Welcome back to IBJ’s video feature “Inside Dish: The Business of Running Restaurants.”
Our subject this week is Saffron Cafe, which has filled a void for Moroccan cuisine downtown since opening in March 2009. Chef and co-owner Anass Sentissi broke off from his family's Bloomington restaurant, Casablanca Cafe, in hopes of finding more consistent business in a local economy not dependent on the September-May school schedule.
"It's not consistent business; it's dead in the summer," said Sentissi, who hails from the Moroccan city of Meknes. "Just by staying open, you are losing money."
Sentissi and his wife, Anne, staked out a locale for Saffron Cafe—so-named for the expensive and extremely potent Mediterranean spice—in the former home of the near-north favorite Canary Cafe. Left with the free-standing structure's shell, they spent three months rebuilding the interior and decorating with tile, light fixtures, pottery, photographs and other materials directly from Morocco.
Stricken with a tight budget, Sentissi and a handyman did most of the work themselves, apart from electrical wiring. They were able to open the restaurant's doors with $150,000 in startup capital from a variety of sources, including a $25,000 Small Business Administration loan, a $25,000 line of credit, and $50,000 obtained by refinancing the Sentissis' home mortgage.
In the early going, the cafe's marketing strategy relied on word-of-mouth referrals. To that end, the Sentissis staged a grand-opening night in which they comped the meals of about 120 diners, hoping to generate a critical mass of early buzz. This spring, they invited about 20 of the city's hotel concierges to the restaurant for free meals in order to stay front-of-mind with those vital links to the city's tourists.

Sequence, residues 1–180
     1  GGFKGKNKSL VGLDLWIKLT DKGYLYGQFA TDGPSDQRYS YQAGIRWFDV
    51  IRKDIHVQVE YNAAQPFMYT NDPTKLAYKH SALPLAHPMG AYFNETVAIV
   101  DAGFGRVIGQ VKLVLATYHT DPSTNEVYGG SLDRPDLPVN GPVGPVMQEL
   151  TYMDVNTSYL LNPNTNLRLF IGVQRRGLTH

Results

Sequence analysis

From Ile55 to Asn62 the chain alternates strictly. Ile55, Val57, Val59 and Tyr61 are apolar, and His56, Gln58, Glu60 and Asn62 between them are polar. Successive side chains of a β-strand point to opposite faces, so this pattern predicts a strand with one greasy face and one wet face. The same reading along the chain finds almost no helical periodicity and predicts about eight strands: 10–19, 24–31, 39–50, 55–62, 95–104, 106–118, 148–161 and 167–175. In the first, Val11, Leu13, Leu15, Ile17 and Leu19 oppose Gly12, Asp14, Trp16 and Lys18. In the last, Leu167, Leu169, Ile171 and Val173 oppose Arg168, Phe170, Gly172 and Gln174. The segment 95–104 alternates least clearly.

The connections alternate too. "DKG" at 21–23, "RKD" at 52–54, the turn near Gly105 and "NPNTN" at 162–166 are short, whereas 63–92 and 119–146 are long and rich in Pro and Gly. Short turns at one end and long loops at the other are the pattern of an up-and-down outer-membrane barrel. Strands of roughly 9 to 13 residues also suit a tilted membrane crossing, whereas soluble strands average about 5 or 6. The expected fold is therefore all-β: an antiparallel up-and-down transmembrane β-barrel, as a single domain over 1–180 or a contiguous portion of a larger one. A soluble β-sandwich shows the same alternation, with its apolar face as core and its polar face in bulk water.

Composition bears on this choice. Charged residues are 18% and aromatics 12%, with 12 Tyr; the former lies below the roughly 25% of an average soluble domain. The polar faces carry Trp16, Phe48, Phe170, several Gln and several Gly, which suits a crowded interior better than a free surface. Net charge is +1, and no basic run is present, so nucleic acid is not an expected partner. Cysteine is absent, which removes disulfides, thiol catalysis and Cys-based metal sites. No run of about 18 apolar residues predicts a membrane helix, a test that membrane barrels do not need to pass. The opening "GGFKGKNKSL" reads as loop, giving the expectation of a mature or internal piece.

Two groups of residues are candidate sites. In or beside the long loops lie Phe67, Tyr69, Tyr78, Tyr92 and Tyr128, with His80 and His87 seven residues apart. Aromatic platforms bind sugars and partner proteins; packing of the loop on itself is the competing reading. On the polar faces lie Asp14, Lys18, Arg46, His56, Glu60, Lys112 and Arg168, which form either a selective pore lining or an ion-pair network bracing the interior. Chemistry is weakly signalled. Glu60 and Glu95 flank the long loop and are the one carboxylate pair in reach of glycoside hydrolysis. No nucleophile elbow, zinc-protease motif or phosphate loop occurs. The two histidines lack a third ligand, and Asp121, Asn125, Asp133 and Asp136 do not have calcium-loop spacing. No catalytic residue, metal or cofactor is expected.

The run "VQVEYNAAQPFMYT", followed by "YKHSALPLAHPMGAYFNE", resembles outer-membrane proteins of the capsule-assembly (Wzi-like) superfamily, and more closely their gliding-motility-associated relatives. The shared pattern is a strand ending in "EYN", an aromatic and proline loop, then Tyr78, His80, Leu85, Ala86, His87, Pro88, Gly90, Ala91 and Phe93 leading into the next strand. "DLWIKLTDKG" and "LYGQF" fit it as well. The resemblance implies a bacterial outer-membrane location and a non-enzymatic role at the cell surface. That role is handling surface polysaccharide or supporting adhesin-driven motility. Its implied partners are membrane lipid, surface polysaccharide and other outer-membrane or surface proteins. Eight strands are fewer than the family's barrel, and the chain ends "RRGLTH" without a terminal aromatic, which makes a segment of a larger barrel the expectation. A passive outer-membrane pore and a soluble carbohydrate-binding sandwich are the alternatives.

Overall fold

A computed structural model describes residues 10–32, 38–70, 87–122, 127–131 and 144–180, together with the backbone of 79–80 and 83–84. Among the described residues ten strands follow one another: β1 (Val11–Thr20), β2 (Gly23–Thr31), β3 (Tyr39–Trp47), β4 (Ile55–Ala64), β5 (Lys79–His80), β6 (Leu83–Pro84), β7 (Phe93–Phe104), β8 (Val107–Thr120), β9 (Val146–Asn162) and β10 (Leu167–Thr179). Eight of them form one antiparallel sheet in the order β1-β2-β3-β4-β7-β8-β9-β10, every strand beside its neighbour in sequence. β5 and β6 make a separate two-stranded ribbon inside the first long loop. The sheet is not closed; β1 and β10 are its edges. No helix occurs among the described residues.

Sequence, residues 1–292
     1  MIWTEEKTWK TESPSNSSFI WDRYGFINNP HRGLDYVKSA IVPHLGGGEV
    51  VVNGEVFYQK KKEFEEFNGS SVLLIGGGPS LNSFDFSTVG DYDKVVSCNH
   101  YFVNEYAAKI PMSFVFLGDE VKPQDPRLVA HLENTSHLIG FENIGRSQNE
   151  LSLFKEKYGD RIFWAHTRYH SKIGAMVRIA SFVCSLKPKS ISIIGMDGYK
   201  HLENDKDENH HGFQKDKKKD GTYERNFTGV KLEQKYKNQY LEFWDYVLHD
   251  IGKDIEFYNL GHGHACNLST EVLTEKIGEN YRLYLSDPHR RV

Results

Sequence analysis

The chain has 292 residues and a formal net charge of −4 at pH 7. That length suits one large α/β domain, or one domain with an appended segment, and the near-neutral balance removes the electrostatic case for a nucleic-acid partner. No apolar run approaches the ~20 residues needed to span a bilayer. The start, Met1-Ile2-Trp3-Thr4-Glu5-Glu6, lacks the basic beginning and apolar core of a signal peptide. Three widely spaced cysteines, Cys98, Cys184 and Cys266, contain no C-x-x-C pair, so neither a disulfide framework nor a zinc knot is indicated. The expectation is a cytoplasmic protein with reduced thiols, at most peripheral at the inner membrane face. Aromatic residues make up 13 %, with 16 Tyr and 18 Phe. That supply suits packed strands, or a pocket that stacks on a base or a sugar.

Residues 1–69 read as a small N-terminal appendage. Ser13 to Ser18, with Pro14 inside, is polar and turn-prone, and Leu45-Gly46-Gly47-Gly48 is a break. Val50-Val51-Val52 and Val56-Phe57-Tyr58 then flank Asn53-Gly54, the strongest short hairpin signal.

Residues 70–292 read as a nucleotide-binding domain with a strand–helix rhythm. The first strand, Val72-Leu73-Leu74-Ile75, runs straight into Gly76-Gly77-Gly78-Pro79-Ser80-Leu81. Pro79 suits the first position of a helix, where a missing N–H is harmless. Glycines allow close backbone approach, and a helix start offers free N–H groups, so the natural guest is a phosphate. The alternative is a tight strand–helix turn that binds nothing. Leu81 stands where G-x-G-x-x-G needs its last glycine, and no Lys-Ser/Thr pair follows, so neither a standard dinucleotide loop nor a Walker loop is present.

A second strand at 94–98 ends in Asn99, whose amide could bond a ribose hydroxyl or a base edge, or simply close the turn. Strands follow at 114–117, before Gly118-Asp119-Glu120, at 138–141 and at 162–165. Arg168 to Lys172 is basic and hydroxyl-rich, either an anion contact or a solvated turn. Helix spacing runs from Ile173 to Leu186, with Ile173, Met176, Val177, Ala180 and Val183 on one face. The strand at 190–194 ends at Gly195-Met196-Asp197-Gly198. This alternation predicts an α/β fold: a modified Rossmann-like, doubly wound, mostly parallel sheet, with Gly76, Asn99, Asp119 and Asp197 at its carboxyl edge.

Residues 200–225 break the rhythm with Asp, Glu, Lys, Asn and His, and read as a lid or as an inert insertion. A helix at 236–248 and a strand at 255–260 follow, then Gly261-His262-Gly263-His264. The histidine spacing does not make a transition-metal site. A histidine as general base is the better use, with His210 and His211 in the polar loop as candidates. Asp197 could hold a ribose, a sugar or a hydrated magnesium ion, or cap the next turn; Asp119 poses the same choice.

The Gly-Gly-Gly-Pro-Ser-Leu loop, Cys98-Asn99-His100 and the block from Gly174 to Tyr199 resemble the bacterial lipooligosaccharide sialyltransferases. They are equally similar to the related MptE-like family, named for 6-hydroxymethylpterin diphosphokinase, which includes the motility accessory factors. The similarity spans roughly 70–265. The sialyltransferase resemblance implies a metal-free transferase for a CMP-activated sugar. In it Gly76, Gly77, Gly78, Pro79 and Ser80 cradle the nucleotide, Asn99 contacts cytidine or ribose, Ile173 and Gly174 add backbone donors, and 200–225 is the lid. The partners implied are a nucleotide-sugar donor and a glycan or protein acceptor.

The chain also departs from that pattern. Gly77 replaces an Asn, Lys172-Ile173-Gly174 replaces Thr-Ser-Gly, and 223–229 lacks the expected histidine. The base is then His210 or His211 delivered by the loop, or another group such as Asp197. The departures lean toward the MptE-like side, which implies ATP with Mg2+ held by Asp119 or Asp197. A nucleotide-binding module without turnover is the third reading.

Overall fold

Unlike many small, locally owned eateries that increasingly rely on cost-free social media, Saffron Cafe now also takes the more traditional route of advertising on an area radio station (for which they pay $550 per month) and in local print publications.
"At first you want to see if the product is working or not," Sentissi said. "If the product is working and people try it and love it, they come back and generate word of mouth. We see a lot of repeat customers. But you also want to reach people [through advertising] who have not had a chance to hear about you."
Saffron's gross sales have grown markedly since the March 2009 opening—from $250,000 over 10 months in 2009 to an estimated $400,000 for 2010.
In the video above, Anass and Anne discuss their challenges in opening the restaurant, amassing financing, the cafe's cuisine, and the importance of achieving consistency in dishes based on family recipes and the chef's instincts.